Sean McDermott plays it safe with with field goals against touchdown-happy Chiefs

Jason Owens
·4-min read

If you’re trying to beat Patrick Mahomes, settling for field goals isn’t the best strategy.

But it’s a tack the Buffalo Bills took repeatedly in Sunday’s AFC championship loss to the Kansas City Chiefs.

The Bills twice faced fourth-and-short inside the 10-yard line with a chance to cut a two-score deficit to one with a touchdown. They twice kicked gimme field goals instead.

Bills play it safe before halftime

The first opportunity arrived at the end of the first half. With Kansas City leading 21-9, the Bills ripped off a 73-yard drive that advanced to the Kansas City 2-yard line. There they faced fourth-and-goal with 13 seconds remaining before halftime.

Head coach Sean McDermott faced a choice.

Play it safe and get almost guaranteed points? Or go for it with his potent Josh Allen-led offense with the upside of cutting the Kanas City lead to five points?

He played it safe. Tyler Bass kicked a 20-yard field goal, and the Bills went into halftime trailing 21-12.

Sean McDermott took the conservative route in Buffalo's biggest game of the season.(Photo by Jamie Squire/Getty Images)
Sean McDermott took the conservative route in Buffalo's biggest game of the season.(Photo by Jamie Squire/Getty Images)

Buffalo found itself in a similar situation in the third quarter. This time, a 67-yard drive stalled at the Kansas City 8-yard line, where Buffalo faced fourth-and-3. Like the previous situation, they trailed by 12 points, this time at 24-12.

Like the previous situation, McDermott played it safe. Instead of giving his Pro Bowl quarterback a chance to make a play, the Bills coach sent Bass out to kick a 27-yard field goal. Bass converted. The Bills still trailed by two scores, 24-15.

You don’t beat the Chiefs with field goals

This time, the Chiefs almost immediately made them pay. On their second play from scrimmage on the ensuing drive, Mahomes connected with Tyreek Hill on a 71-yard catch-and-run that led to a Travis Kelce touchdown catch three plays later. Kansas City led 31-15 late in the third quarter of the AFC championship game.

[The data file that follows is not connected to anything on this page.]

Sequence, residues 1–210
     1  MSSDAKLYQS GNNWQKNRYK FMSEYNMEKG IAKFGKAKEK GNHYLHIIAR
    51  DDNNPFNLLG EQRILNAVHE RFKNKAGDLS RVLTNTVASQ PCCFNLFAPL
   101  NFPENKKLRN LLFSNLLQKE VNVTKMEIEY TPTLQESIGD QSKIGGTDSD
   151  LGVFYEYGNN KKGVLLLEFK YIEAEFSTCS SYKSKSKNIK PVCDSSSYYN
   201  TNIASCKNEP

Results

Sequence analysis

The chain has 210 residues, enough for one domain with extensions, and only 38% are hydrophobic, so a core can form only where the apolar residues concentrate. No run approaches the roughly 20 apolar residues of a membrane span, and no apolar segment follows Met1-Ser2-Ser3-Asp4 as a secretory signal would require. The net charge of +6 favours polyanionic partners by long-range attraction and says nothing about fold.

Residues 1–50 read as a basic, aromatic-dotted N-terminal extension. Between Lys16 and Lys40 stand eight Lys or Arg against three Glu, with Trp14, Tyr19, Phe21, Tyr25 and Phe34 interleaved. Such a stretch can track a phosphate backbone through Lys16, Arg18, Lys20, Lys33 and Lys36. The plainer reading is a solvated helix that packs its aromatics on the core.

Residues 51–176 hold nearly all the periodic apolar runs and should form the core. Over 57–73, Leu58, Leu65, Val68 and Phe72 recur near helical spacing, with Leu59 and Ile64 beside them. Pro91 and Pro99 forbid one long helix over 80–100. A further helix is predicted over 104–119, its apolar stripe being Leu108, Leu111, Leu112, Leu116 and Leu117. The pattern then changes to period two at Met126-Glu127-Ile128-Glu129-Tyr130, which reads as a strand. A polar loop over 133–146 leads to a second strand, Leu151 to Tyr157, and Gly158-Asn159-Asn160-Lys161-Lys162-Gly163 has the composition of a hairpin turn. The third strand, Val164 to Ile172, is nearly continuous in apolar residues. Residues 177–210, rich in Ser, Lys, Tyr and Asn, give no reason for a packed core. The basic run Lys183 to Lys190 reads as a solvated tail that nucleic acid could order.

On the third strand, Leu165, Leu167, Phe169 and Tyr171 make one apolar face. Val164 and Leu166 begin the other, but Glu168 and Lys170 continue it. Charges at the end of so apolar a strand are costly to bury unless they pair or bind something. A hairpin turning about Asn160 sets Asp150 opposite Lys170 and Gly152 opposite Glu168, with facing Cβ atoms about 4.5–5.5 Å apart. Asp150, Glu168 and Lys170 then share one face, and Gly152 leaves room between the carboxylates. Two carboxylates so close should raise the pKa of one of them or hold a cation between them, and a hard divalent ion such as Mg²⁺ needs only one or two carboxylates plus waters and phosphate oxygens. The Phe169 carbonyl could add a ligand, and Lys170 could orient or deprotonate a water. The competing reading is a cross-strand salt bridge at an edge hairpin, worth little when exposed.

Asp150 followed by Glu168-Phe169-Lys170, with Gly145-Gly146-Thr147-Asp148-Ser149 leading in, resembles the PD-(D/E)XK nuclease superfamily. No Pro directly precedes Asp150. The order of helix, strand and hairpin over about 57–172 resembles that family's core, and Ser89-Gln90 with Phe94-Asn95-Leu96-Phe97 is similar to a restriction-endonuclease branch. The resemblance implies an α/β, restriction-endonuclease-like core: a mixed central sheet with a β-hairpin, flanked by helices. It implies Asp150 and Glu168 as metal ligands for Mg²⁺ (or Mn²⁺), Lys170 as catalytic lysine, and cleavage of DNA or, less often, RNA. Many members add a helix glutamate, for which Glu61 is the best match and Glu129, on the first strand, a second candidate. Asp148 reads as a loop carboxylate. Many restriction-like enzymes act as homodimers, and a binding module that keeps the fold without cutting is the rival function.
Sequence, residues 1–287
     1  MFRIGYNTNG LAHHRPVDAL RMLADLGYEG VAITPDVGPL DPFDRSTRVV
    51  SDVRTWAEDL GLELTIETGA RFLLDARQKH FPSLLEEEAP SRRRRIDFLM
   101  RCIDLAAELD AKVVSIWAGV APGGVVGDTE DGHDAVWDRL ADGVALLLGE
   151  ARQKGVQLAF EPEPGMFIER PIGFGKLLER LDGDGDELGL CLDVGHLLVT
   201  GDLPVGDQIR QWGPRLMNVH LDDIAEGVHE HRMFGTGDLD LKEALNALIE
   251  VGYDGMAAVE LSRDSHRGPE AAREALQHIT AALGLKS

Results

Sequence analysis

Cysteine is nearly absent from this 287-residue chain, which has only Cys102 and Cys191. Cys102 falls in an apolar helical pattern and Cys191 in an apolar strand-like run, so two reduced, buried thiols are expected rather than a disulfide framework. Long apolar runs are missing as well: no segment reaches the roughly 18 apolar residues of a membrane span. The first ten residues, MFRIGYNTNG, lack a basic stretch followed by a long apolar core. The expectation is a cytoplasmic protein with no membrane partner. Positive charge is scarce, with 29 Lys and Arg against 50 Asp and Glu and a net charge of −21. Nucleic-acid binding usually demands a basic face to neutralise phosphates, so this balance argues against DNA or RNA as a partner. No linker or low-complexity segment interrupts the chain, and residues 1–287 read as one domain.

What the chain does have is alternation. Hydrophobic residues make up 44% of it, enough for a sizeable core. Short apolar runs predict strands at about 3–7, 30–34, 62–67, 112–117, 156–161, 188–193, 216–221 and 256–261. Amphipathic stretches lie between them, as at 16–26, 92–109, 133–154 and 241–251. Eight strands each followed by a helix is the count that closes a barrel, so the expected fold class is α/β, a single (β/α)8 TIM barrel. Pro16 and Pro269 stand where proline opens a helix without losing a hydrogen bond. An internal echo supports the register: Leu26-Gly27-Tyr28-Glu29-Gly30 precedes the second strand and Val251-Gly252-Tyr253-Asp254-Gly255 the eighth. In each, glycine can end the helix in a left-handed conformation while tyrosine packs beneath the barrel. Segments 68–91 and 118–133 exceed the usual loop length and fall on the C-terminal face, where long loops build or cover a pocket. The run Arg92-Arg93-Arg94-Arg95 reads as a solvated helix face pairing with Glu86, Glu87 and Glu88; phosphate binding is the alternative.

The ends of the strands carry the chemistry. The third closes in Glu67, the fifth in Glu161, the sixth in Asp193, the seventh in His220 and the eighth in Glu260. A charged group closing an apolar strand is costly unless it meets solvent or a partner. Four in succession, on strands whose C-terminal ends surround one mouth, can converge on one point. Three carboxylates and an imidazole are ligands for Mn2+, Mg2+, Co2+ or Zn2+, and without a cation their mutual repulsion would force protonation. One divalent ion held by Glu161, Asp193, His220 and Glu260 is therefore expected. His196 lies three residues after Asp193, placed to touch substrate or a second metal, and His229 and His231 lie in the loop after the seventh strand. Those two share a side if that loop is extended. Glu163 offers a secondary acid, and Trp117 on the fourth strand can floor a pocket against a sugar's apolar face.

This is what the Chiefs do. They have the most explosive offense in football. They won’t be beaten by field goals.

The age of analytics has led to a reduction in NFL coaches playing scared. Whereas unstable job security has historically led to a scourge of sure-thing field goals even though gambling for a touchdown was the better decision, coaches in 2021 can point to data that backs up rolling the dice in certain situations.

Analytics said go for it

In the case of Buffalo’s red-zone field goals, the data said go for it both times.

LaFleur played it safe and lost too

But with the stakes at their highest, McDermott ignored the seemingly obvious decision to give his team its best chance to win in the name of playing it safe. Green Bay Packers head coach Matt LaFleur made same mistake in Sunday’s NFC championship loss to the Tampa Bay Buccaneers.

The Bills were likely losing to the Chiefs on Sunday regardless of McDermott’s field goal decisions. They were outmatched. That doesn’t change the fact that those decisions hurt Buffalo’s chance to win.

McDermott admitted as much while talking with reporters after the game.

"If I had to do it over again, I'd probably go for one of them."

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